When it was time to depart the lofty kingdom of eagles, we made a game of running down the hill. Now, it’s a rocky, steep trail… running down it requires the surest footing, but it’s so much fun! We ran, improvising each step as the puzzle of the trail unfolded before us. The consequence of a fall was dire and painful. But it felt like flight… it felt like we spread our arms and sprouted feathers to fly away with our aerial hosts moments before. And I jumped off a small ledge, casting my arms out and absorbing the impact in my legs before bounding further downward to stand beside Rob and catch my breath.

If you remember reading a few paragraphs before that the “mountain draws in all the weather” and that “it’s three miles of mostly wooden stares,” then you should deduce that those wooden stares are often slick from rot. We had finished our flight down the mountain and chose to walk the remaining 1.5 miles, enjoying the sun. We were walking. And I happened to be looking at my ankle when I slipped, fully witnessing my heel kiss my calf as a deep, wet crack echoed out. My adrenaline immediately erupted so intensely I could not feel the pain, but watching my ankle bend as sharply as it did coupled with the gunshot crack of tendons snapping was enough the send me into tears of pure, emotional fear. I cried for Rob, for his mellow mind to reasure me what I already knew: my ankle is jacked up, but not broken, and you’re going to feel the pain in just a moment.

For anyone who has sprained an ankle, it hurts, but you can walk on it. For anyone that knows me, I’m a tank. I dug my fingers into the moist earth and hoisted myself up to stand, only to immediately collapse again and shriek in pain. It was worse than a sprain. I would later learn that I had fully separated the tendon from the bone, which pretty much renders one worthless, and in the full moments after the fall it had swollend impressively huge. But that didn’t matter. I had over a mile left to go and I couldn’t walk. I tried hopping, I tried crawling. But immediately a crippling animal instinct set in and with it came panic.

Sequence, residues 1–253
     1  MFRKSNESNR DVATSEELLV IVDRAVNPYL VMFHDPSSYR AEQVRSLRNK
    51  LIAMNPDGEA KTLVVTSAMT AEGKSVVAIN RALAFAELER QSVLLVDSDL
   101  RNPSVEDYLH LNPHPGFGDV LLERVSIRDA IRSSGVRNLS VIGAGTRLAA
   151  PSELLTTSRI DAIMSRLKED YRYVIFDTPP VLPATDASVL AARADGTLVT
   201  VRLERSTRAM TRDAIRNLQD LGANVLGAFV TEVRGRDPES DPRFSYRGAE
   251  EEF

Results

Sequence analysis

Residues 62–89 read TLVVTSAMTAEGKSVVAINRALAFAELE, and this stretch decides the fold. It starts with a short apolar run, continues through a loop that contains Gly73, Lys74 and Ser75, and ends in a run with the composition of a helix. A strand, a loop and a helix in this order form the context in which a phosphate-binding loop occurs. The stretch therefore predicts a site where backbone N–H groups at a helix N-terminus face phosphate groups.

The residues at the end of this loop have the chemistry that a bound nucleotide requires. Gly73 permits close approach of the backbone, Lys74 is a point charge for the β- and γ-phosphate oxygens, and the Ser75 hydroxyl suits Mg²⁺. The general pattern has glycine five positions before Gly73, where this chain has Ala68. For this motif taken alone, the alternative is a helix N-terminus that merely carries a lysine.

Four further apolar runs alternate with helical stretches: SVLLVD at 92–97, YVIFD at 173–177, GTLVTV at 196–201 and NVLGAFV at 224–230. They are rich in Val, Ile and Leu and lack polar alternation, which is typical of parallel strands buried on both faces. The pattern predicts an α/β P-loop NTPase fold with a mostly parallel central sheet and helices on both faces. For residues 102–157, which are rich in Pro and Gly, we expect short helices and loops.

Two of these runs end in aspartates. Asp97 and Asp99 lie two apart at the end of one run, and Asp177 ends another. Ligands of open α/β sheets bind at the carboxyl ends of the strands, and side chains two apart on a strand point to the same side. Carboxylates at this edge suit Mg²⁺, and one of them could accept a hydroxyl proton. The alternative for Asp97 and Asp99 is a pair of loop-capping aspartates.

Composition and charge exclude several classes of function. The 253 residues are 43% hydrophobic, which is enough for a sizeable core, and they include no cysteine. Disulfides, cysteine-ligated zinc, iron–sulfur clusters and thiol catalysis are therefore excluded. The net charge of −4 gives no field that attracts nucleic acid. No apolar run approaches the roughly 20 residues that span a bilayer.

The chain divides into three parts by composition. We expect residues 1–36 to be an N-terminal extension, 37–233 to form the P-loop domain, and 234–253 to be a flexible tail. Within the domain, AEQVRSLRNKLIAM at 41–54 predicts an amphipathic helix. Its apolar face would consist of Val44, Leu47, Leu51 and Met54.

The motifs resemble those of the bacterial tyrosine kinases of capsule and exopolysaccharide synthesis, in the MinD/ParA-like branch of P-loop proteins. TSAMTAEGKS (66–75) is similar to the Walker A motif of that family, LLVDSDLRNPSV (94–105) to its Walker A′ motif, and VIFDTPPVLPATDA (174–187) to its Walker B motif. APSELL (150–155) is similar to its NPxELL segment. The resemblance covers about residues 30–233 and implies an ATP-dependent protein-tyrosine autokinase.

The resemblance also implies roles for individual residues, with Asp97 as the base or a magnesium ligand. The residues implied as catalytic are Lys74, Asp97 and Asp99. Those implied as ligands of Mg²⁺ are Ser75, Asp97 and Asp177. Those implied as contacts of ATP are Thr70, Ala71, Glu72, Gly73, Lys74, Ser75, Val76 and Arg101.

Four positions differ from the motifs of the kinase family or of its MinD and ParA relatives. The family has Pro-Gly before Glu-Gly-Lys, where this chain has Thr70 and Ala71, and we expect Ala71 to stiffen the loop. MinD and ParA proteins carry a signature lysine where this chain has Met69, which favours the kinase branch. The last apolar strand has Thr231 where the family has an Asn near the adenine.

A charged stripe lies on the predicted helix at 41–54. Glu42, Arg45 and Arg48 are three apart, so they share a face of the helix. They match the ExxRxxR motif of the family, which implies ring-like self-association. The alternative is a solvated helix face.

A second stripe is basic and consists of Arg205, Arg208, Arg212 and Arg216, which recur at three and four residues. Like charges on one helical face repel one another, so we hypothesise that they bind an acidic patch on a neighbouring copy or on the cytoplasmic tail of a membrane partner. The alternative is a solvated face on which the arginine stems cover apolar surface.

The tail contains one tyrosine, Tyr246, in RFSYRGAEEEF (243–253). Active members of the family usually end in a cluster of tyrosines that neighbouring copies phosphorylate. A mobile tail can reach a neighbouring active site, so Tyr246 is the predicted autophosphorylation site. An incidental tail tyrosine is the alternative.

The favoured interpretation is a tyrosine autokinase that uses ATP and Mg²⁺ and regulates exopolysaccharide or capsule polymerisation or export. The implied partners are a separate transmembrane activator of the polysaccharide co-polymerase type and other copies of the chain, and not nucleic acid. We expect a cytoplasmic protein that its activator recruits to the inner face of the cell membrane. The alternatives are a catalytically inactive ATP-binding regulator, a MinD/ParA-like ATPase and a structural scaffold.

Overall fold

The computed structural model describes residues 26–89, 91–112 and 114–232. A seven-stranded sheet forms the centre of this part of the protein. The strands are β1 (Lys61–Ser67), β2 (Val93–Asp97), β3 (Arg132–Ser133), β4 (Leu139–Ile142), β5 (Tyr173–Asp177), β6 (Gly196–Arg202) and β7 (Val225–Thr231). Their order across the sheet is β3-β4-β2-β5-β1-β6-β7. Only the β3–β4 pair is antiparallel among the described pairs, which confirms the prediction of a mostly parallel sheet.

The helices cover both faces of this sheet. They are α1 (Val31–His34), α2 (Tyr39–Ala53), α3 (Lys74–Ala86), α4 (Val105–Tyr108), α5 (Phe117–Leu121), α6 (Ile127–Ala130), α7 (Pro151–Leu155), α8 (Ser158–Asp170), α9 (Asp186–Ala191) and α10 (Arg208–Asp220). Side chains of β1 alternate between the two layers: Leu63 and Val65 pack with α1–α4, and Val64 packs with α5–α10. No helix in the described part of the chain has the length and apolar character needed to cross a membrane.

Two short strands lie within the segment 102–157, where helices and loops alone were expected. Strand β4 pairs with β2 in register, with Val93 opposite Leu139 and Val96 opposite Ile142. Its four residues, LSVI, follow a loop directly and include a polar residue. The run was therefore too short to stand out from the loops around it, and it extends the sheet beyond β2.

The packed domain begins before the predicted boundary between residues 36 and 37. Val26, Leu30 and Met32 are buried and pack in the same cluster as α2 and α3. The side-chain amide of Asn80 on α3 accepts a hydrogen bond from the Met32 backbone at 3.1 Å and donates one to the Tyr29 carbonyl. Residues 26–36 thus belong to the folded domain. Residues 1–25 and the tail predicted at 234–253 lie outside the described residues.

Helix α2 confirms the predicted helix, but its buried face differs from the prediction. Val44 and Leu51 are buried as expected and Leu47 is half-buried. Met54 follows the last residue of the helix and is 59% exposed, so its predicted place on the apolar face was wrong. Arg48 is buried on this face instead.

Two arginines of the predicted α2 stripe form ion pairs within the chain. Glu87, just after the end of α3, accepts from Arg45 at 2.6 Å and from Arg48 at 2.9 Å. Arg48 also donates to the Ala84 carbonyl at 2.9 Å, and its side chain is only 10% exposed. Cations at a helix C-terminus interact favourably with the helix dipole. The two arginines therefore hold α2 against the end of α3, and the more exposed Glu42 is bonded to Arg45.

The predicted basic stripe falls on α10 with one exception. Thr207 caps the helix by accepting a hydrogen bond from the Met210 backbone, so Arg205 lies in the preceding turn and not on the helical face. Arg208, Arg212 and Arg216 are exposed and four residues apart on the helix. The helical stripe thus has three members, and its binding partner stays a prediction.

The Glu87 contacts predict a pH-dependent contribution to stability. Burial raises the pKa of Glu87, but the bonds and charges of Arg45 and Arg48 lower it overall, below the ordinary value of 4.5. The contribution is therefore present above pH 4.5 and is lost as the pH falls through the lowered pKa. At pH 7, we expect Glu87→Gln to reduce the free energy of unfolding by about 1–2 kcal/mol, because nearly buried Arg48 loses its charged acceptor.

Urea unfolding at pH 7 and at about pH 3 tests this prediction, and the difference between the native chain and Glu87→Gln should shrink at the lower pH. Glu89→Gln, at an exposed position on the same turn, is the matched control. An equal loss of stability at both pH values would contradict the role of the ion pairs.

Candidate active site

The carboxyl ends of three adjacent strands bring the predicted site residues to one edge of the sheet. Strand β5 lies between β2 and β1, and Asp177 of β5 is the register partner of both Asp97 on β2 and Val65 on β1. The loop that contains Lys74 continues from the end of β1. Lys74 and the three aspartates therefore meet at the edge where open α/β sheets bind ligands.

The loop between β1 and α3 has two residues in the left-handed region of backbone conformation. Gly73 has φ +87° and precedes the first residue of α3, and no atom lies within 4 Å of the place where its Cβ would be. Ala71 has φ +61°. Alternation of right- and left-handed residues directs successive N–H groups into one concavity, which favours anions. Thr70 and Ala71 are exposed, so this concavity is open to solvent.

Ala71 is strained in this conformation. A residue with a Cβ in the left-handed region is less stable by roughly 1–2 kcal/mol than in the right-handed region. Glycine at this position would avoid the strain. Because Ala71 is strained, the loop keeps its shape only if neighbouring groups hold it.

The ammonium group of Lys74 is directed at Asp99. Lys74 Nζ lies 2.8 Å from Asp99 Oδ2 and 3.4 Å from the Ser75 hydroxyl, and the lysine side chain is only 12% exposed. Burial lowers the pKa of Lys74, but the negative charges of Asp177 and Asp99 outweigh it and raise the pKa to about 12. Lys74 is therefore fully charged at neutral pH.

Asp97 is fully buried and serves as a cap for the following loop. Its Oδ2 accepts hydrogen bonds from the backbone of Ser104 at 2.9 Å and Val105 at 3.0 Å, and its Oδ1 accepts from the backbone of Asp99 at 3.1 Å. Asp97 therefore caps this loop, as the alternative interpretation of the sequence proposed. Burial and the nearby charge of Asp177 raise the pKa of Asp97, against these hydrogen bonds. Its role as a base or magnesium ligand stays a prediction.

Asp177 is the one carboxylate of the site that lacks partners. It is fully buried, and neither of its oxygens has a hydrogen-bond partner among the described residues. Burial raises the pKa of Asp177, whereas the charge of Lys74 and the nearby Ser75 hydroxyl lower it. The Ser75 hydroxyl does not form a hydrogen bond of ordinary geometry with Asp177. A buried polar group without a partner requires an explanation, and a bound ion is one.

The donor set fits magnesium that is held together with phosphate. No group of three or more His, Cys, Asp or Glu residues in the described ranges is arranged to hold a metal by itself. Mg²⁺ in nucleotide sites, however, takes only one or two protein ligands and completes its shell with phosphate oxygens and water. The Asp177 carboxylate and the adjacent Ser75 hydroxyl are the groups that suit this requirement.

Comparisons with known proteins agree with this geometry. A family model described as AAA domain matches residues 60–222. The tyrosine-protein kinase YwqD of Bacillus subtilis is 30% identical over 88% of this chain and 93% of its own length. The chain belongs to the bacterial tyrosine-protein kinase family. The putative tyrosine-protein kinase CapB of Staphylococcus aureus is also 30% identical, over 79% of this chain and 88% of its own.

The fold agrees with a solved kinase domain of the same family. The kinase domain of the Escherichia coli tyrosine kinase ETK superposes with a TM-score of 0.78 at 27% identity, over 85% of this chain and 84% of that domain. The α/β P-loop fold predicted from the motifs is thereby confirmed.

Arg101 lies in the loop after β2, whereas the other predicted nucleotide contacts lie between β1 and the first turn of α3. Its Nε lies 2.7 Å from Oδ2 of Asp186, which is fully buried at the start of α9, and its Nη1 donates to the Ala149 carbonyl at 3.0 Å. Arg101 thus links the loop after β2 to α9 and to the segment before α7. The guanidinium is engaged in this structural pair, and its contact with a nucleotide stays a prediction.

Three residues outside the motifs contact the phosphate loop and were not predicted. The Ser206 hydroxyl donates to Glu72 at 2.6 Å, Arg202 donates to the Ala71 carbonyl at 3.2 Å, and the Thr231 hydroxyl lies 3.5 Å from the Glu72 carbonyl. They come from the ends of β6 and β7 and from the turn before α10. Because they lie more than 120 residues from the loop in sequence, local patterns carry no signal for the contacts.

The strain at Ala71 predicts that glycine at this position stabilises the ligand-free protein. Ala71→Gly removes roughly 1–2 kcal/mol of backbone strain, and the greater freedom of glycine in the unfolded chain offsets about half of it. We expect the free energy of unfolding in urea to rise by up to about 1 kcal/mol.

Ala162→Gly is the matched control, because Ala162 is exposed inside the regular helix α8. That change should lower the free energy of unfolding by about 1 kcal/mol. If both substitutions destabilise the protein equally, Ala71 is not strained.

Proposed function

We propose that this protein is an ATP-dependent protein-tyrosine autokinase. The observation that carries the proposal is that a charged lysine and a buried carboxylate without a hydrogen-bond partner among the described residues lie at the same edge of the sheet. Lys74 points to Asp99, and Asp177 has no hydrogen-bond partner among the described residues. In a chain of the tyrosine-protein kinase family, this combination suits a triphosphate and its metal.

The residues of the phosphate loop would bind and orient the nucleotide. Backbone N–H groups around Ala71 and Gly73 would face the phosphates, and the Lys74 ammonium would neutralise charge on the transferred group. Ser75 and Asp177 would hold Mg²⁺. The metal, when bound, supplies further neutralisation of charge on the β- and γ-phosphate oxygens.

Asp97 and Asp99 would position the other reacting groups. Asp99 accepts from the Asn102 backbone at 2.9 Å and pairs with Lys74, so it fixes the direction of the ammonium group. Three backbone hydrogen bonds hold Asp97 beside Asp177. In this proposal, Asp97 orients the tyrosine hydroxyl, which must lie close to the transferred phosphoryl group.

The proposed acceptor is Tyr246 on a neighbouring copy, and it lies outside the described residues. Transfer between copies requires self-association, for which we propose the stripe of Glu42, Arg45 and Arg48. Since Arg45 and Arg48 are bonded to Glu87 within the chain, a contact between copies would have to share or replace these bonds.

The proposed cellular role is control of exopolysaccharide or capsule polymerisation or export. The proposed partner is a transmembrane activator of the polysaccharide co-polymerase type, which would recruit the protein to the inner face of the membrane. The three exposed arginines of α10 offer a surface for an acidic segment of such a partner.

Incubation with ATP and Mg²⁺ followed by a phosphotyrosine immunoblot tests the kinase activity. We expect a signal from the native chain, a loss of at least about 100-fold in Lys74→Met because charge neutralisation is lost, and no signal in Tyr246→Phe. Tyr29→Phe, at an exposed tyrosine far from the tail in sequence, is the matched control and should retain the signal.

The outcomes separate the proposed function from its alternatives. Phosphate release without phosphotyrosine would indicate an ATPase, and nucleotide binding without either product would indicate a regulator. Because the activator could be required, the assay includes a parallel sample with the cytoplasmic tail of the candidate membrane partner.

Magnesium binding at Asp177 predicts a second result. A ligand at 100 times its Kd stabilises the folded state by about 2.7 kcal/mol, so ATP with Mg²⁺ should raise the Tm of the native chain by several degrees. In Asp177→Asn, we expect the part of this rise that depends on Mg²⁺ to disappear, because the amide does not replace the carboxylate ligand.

The moment you lose function of a mobile limb, you might as well have a lion chewing on your neck. Fight or flight is shaken so hard you can’t even think that in this moment in time you are otherwise ok and that there is no lion. I am not one to accept help, and feeling so helpless was devastating. So I wallowed and I panicked and I was amazed at how large it had already swollen. I tried again to stand and walk, hopping and quivering in pain, and begged Rib for support before I fell again. Poor Rob had to carry me the remainder of the distance. God bless him (though he did accidentally ram my ankle into a tree more than once, but it was an accident so I couldn’t be angry). It was the first time in my life I had to accept I couldn’t go on alone.

He carried me to my bed, and brought me ice and kept me company while I cringed. It had swollen so badly I was worried about circulation. Over a year later, it’s still jacked. It pinches and cracks and locks up and gives out. Sometimes it sends a shockwave of pain that makes me falter and nearly yell profanities in front of tender old women and innocent children. And when palpated, that outer bone on the ankle, one can actually feel the physical difference between the healthy ankle and the scarred ankle. It is forever my reminder that I am only one soul capable of only so many things.